The concept of Standard Operating Procedures
(SOP) was initially used in the U.S. Army to describe a system of military
instructions that allowed the execution of orders in a systematic and
predictable manner. In subsequent years, the concept was implemented into
medical terminology, and now it is used in other fields that require for their
efficiency repetitive but effective instructions that allow rapid achievement
of the desired objective.
But what really is SOP? Practically
speaking, SOP is a system of planned instructions, procedures enabling an
entrepreneur to achieve a certain goal without additional complications. The
SOP should describe in simple steps the next steps of conduct in particular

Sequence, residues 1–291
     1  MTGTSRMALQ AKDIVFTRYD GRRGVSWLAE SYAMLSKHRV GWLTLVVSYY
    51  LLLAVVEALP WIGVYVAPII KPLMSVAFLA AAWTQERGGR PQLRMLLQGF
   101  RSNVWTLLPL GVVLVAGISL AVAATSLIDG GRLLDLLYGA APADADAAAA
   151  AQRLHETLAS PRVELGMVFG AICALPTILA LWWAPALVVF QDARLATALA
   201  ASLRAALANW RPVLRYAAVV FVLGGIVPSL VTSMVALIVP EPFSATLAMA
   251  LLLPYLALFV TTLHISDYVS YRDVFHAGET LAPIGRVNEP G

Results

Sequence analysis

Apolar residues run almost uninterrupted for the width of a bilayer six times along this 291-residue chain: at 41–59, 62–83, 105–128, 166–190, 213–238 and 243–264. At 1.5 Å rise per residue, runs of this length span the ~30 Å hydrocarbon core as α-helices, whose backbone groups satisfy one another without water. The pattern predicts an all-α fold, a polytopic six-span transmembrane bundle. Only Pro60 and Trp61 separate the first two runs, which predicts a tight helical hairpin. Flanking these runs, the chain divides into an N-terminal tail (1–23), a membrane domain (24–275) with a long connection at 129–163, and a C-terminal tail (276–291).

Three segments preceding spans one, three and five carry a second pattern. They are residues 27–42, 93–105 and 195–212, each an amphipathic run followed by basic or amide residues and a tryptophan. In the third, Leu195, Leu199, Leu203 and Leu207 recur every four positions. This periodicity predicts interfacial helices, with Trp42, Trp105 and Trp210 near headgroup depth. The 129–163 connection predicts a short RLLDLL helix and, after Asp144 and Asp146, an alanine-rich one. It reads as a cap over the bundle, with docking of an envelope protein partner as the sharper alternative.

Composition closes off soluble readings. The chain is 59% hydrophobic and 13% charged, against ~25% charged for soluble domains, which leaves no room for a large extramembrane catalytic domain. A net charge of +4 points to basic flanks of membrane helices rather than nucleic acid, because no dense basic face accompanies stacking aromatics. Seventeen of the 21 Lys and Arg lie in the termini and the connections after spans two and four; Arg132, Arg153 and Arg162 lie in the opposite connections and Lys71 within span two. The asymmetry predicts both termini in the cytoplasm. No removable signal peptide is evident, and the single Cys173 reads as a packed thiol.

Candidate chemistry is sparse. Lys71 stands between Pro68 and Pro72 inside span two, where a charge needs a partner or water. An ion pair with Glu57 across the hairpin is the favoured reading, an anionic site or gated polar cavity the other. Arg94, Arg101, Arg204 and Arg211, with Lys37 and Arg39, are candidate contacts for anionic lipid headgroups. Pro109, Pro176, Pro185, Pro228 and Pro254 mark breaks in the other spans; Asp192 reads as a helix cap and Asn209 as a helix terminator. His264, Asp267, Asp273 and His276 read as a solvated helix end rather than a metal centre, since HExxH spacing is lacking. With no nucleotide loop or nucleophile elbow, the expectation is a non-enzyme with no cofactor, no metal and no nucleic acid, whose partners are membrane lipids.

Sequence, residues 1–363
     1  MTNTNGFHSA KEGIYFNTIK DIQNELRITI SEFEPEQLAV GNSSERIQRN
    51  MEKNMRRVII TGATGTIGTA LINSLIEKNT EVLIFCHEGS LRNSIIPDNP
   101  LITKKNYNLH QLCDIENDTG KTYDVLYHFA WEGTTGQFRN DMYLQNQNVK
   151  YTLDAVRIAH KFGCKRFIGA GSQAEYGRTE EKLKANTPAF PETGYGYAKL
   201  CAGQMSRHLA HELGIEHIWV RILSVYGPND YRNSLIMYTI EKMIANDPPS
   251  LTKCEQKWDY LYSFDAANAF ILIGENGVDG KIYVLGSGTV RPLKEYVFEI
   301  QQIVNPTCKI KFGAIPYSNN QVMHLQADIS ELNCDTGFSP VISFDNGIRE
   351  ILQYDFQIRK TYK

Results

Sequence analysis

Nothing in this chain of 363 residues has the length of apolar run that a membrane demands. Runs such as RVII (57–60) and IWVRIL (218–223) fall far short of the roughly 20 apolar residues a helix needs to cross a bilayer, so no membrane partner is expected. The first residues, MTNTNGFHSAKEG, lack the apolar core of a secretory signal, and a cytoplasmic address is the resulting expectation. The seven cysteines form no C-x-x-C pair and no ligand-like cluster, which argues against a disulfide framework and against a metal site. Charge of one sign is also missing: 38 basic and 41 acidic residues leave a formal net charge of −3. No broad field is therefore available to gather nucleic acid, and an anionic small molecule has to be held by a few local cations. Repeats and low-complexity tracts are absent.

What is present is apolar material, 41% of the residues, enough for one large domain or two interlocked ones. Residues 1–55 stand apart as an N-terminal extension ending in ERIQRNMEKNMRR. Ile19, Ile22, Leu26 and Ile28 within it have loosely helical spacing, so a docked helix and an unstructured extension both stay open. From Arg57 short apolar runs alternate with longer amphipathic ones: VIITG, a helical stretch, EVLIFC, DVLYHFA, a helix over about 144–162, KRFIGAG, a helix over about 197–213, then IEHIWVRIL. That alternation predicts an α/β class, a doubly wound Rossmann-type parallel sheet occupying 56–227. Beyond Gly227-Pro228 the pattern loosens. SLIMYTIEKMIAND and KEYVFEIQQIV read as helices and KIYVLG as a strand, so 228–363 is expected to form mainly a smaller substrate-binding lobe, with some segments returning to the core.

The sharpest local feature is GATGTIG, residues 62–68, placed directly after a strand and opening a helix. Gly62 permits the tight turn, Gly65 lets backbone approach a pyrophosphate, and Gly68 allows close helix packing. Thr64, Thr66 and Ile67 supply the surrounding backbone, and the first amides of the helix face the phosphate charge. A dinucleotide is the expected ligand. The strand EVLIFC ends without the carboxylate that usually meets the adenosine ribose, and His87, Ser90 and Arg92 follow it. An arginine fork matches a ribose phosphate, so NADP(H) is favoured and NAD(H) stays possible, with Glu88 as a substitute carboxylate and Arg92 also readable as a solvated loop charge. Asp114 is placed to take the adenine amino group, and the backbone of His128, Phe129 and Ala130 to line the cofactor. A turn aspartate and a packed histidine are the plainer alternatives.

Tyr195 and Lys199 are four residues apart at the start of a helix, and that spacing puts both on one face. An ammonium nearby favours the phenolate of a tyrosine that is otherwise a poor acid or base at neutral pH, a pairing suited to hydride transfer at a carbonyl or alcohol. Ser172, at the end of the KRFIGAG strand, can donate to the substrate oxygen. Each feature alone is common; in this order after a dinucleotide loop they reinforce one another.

situations that may occur to employees of various industries. It is important
that the steps are written in a clear and transparent way that does not cause
doubts to those who will have to apply it. Through repetition and detailed
description of important issues, SOP leads to standardization and improvement
of the application of the most complex processes occurring in companies. SOP
system does not only constitute support and facilitation for employees – it
also improves the work of business owners who, thanks to it, have a better
understanding of the processes taking place in entities and are able to more effectively
supervise and respond to operations carried out in companies.
The problem of regulating diligence clauses in employment contracts in the laboratory industry is essential on the basis of Polish and EU law. These issues shall also consider the general consequences of breaching employee obligations in the form of the so-called Good Laboratory Practice (GLP) principles.